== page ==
But, as usual, instead we are plastered (wattle and daubed?) with the same couple of fragments of Brigid-lore from the Irish hero tales, the sources for which only rarely exceed the first thousand years before our time. Younger yet, the remaining body of lore attributed to Her is actually booty from raids made by the wishful-thinking upon the lore and folkways attributed to the quasi-historical Christian saint bearing her name. I must confess I often have pillaged therein myself, particularly in the wonderful appendices to Campbell's Carmina Gadelica. That material, as beautiful and evocative as it is, bears its unshakable Iron Age pedigree only in that it was field-collected from Scottish folk traditions alive in the years stretching from the time of Charles Dickens through the reign of Queen Victoria. Yes, back when Lady Gregory carried her tablets down from Ben Bulben, summing up for us forever after the three primary aspects of Brigid as "Poetry, Healing, and Smithcraft"...

Quite simply: a Goddess of the Hearth and the sanctity of Fire

There seems to be a significant number of references to the quasi-historical saint, or dearly hoped-for "Celtic Goddess", which indicate an association with fire, and in particular, sacred fires, and a strong and potentially very old set of household hearth-customs, the common ground there being specifically fire-based prayers and ritual activity. Again I will admit to falling back on my own intuition and syncretic tendencies (and some 25 years of ritual experience with Her) and I continually emerge with the conclusion that a primary component of Brigid's identity was focused on the sanctity and utter indespensibility of fire and as such it brought Her veneration to a central, veritably axial, role in every home, first then and foremost as a Goddess of the Hearth.

In my mind, Brigid was likely no more a goddess "of smithcraft" than Saint Christopher was a saint of automobiles.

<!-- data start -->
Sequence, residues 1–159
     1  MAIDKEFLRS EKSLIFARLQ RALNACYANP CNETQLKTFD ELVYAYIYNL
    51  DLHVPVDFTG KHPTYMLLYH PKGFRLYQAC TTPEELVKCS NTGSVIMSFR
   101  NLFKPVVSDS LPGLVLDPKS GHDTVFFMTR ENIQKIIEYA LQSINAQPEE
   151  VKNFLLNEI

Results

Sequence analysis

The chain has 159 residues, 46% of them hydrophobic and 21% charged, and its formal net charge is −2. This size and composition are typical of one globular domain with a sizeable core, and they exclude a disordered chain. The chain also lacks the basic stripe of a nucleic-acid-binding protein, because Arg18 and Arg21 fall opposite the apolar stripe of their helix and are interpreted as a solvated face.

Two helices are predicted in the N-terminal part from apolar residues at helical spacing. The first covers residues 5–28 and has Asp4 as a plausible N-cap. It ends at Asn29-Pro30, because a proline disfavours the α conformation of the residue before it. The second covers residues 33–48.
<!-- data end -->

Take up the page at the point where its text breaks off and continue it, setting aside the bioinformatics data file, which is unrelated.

Certainly She would have been held by the blacksmiths and forge-workers as their patron. The anvil, hammer, and tongs may have been their connection to Her but this only because they were daily workers at a hearth. But proportionally, who worked at hearths? Let us not forget that for every single blacksmith west of the Rhine in the last 2500 years, there were untold millions of housekeeper cooks, working their daily magic, and even more populous yet came all those damp and shivering souls, stumbling in from the cold to huddle-before that blessed radiance glowing at the center of every home, eagerly drawing upon Her power to comfort and heal, to protect and inspire.

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* well actually, this "one" seems to be the model or best realized from among several extremely similar but more crude Brigantia-relief versions from the same area and period in the south of Scotland.


2 comments:

  1. L and I talked about this a good bit.
    I see Brigid's involvement in the forge as having two sides. First as a goddess of Fire and Water, she abides immediately in the forge's nature and work. Goibniu or other male smith-god may be more directly the patron of smiths, but Brigid can't be done without.

    Second, Brigid is a goddess of high-status skills. The smith is a magical/sacred being, quite possibly a Druid in earlier times I suspect. Also, Brigid is about the inspiration of artists. I don't think she's any more about a blacksmith than the goldsmith - maybe less.

    That's my angle anyway...

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  2. Yup, there's plenty enough fodder for religious mysteries or magical operants available from the daily action of the forge-worker in the violent tempering-"quenching" of their red-hot iron in the smith's water bucket (Athena/Minerva be praised! - one couldn't get a much more spectacular "khernips" display than that...); Sacred Fire / Sacred Waters; fire+water = the mystery...